N.A: Upon cleaning my PC, I came across this essay assignment. This was written for my “Socioaffective Neuroscience” class I had during my Masters. I didn’t get quite a good grade on it because, as the teaching assistant declared, it was more of a biography than actual part of the assignment – but he nonetheless said he quite enjoyed reading it. Written in 2018, slightly adapted.
In Antonin Artaud’s essay of appraisal for Van Gogh, ’Van Gogh: le suicidé de la société’, the author describes the dutch painter as someone who was merely human, in possession of stable mental health. Repeatedly, he blames three characters for Van Gogh’s suicide: his brother Theo Van Gogh, his doctor Paul-Ferdinand Gachet and above it all, society. Nevertheless, these statements are not essentially true. Van Gogh found profound financial and emotional help from his brother, evidenced by the exchanged letters between the two. Moreover, the painter also cultivated some affection towards Dr. Gachet, as seen by the portrait done of the doctor.
Not much can be said about the society, as the view of mental illness at the middle of the 19th century was still blurred and stained with negative stigmatization. Bipolar disorder, for instance, was first described around the same time by two French psychiatrists: Jules Baillarger in January 1854, and Jean-Pierre Falret, only two weeks later, upon the names of “dual-form insanity” and “circular insanity”, respectively. Schizophrenia was first identified three decades later by Dr. Emile Kraepelin, in 1887.
Vincent Van Gogh was born on 1853 in the town of Zundert, in the Netherlands, just one year before the first description of bipolar disorder, and died on 1890, not so long after the first description of schizophrenia. Thus, society, after all, was not prepared to deal with such a character who suffered from mental unbalance, which might have acted in accordance to Artaud’s view on whom to blame for the suicide. The fact that the painter lived throughout the period between the discovery of these two mental illness could have refrained the doctors to treat him accordingly. It is worth noting that the clear diagnose of Van Gogh’s mental illness is still unsure: more than 30 different diagnoses where described for the painter, such as schizophrenia, temporal lobe epilepsy and others, but the best established and accepted seems to be bipolar disorder.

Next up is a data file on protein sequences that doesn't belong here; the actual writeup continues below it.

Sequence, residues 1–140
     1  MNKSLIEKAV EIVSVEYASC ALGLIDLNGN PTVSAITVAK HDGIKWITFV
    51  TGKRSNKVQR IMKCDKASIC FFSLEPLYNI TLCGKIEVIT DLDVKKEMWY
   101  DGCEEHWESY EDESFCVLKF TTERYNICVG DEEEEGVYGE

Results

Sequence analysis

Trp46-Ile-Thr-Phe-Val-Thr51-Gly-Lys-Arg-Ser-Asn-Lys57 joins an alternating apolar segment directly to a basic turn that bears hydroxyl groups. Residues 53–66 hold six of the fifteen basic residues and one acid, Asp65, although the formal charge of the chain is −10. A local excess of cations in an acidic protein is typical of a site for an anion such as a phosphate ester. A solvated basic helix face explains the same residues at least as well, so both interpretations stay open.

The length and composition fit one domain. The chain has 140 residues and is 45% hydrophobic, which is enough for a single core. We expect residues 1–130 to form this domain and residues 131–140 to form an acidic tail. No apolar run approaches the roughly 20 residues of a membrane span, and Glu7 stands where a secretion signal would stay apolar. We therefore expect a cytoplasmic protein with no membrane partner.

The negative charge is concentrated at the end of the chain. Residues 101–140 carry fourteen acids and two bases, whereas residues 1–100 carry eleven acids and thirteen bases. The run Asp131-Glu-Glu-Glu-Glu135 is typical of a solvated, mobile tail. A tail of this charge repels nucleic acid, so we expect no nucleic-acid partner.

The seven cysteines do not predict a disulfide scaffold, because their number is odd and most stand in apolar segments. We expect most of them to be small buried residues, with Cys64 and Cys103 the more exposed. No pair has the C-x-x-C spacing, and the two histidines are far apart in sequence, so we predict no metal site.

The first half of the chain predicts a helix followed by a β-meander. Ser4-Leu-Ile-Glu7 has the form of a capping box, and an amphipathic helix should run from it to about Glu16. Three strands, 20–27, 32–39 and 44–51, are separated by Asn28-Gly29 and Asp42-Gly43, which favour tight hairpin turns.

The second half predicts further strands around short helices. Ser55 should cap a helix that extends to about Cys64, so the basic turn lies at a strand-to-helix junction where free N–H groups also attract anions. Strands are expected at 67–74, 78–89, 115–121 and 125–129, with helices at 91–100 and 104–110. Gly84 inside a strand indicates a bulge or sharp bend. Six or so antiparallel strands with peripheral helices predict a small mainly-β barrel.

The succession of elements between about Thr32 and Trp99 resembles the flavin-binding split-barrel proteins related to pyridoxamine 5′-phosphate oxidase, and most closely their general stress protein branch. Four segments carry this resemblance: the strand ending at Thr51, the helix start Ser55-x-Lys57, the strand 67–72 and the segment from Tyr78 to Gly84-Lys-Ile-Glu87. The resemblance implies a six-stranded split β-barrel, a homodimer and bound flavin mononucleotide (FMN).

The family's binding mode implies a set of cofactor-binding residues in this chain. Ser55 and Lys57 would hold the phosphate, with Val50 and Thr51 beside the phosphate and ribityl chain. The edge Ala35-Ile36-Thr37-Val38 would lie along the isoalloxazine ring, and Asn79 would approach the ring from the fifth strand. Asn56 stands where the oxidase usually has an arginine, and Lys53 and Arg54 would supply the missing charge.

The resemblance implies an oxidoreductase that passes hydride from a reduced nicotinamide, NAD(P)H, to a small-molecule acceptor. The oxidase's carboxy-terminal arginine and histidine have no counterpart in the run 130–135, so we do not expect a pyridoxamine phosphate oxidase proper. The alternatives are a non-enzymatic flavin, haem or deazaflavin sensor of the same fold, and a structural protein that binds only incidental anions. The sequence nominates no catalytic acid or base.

Bipolar disorder (BD), also known as manic-depressive illness, is a brain disorder that causes unusual shifts in mood, energy, activity levels and the ability to carry out daily-life activities. People with the disorder often experience feelings of intense emotion, such as mania, changes in sleep patterns and activity levels, and unusual behaviours. It affects 1% of the world population irrespective of nationality, ethnic origin or socioeconomic status.
Van Gogh is not the only known artist that has suffered from bipolar disorder. In the list, we could also include the composers Beethoven, Franz Schubert, Robert Schumann; the painter Edvard Munch; the writer Hemingway; the actress Marilyn Monroe; and musicians such as Kurt Cobain and Amy Winehouse; together with many others. Schizophrenia, another affective disorder that encompasses 0.3 to 0.7% of the population, is characterized by abnormal behaviour and a distance from reality. Hearing voices, conspiracy plots, depression and reduced social engagements are some of the most common symptoms. Artists such as the previously mentioned Antonin Artaud, the sculptor Camille Claudel, the writer Zelda Fitzgerald and singers Joey Ramone and Nancy Spungen are examples of famous artists that had bared schizophrenia.